Although contemporary research has viewed pubertal changes as more
an opportunity rather than a crisis (Papalia, Olds, & Feldman, 2001), the
varied timing of early adolescent development is still diffi cult for students
and the adults who work with them. These rapid and intense developmental
changes occur in interaction with multiple systems. Family, peers, and
the classroom and school environment are all a part of the microsystem
which directly infl uences development (Bronfenbrenner, 1979; Newman,
Lohman, Newman, Myers, & Smith, 2000). Early adolescents play an
active role in these relationships as they differentiate from family. Early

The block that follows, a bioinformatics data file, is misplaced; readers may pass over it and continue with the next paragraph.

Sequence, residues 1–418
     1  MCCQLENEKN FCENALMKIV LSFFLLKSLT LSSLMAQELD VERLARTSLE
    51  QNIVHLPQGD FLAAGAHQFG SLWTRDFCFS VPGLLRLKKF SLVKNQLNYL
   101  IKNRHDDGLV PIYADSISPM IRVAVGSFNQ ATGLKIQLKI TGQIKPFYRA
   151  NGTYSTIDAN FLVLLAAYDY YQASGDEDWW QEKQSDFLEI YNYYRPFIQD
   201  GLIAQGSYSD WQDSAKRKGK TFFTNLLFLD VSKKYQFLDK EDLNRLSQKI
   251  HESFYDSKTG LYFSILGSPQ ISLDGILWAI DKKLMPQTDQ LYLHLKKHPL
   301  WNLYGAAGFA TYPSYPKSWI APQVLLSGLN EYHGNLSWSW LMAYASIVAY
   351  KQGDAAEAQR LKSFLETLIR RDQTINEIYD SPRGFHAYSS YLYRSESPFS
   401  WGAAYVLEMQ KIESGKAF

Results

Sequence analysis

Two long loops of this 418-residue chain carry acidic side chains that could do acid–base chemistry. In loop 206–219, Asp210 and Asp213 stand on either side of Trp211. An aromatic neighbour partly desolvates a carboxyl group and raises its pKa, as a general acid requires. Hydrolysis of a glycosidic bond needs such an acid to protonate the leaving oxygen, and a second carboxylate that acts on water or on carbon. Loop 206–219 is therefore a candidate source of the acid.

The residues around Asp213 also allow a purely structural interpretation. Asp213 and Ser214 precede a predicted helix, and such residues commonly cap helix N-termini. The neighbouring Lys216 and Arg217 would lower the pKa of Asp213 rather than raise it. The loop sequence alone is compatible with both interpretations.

adolescents question parental authority and often distance parents with
assertive or aggressive attempts at independence. Inconsistent behavior and
variation in mood often lead to some rejection of rules and authority of
their parents and peers may take on increased importance for daily decisions.
While both family and peer groups are infl uential, the transition
from the elementary to middle school environment is another signifi cant
systemic infl uence.